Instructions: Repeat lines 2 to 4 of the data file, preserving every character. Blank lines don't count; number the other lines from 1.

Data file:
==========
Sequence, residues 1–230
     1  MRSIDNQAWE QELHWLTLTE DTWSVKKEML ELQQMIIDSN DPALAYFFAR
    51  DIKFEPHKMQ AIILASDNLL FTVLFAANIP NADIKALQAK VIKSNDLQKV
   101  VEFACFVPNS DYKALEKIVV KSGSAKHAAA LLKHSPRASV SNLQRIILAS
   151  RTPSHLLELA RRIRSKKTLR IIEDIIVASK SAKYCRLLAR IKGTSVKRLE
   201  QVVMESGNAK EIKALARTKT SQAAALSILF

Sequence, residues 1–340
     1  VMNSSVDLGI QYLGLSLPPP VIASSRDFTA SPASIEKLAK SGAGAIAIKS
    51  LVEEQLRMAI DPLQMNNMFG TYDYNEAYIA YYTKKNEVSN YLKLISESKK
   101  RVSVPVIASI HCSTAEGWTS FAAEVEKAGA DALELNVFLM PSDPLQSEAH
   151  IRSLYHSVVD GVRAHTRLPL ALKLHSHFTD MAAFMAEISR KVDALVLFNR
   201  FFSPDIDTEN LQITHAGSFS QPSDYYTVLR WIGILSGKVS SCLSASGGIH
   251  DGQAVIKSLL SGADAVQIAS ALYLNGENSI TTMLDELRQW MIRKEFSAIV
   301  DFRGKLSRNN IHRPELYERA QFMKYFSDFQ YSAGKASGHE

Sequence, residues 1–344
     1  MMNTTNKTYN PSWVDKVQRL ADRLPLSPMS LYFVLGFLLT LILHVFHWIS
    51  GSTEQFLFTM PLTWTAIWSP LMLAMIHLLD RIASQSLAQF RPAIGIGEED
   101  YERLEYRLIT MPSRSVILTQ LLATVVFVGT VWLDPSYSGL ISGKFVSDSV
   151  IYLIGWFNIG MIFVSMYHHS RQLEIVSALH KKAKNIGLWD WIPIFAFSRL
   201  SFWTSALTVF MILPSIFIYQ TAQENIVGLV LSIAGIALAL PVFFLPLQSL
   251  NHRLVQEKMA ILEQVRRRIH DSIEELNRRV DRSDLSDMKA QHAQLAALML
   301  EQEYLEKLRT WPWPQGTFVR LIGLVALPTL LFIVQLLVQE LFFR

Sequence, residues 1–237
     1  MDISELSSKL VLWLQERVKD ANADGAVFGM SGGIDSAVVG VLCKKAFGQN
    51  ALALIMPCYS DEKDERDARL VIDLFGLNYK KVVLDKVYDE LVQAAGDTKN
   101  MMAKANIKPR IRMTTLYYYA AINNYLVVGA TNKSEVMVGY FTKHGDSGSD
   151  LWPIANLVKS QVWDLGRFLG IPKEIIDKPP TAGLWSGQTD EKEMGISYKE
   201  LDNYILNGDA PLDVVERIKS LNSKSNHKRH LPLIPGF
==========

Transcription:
     1  MRSIDNQAWE QELHWLTLTE DTWSVKKEML ELQQMIIDSN DPALAYFFAR
    51  DIKFEPHKMQ AIILASDNLL FTVLFAANIP NADIKALQAK VIKSNDLQKV
   101  VEFACFVPNS DYKALEKIVV KSGSAKHAAA LLKHSPRASV SNLQRIILAS